What does it take to become a citizen of a particular nation? In a globalizing world, and with increasing international mobility, is it justified to restrict membership of a society? If so, on what grounds? Do societies need a distinctive national culture in order to thrive -- and should this be a factor in the allocation of citizenship to those migrating from elsewhere? How is national identity actually perceived among the existing citizens of western countries? In this volume major commentators, from a range of critical perspectives, explore a series of pressing, controversial issues surrounding the acquisition of citizenship, in theory and practice. These issues are of key importance for policy makers and social institutions, and for the self-understanding of contemporary societies. This book will be vital reading for students and researchers in Political Theory, Sociology, Law, Social Policy, Ethics, and other disciplines where the current debates around migration and citizenship apply.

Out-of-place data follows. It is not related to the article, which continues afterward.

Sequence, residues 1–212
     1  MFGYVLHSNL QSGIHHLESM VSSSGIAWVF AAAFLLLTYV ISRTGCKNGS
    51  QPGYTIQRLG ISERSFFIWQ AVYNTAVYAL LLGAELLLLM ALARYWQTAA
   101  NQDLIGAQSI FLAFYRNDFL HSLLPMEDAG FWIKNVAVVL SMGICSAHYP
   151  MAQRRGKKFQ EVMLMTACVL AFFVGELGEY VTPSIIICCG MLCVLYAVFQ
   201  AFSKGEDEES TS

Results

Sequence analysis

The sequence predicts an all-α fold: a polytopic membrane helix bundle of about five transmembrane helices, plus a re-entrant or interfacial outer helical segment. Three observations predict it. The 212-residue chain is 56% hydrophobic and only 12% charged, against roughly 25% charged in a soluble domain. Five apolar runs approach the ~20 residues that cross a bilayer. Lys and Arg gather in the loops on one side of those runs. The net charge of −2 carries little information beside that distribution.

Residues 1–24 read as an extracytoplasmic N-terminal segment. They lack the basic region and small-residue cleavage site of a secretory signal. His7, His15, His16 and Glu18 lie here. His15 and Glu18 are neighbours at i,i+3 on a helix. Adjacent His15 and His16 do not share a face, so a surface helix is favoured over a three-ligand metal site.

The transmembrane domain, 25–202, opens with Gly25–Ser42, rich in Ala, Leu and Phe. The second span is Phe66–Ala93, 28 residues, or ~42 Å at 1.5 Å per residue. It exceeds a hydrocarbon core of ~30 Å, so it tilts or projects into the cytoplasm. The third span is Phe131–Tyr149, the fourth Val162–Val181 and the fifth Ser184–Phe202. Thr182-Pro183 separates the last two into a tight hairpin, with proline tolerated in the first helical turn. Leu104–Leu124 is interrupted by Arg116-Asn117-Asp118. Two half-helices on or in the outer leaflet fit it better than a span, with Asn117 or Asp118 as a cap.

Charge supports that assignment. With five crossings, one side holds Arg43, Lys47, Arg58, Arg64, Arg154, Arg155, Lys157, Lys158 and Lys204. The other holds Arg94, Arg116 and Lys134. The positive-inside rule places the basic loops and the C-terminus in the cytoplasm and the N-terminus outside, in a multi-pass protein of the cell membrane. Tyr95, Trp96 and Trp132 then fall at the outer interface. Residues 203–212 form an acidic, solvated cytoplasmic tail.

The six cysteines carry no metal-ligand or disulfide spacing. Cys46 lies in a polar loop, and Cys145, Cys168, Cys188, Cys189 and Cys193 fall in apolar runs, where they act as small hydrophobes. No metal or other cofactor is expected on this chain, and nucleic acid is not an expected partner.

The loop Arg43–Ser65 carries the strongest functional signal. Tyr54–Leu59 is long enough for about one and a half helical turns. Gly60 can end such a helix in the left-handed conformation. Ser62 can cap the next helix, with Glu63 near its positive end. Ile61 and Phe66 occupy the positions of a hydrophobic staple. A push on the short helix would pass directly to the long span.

Published: January 2009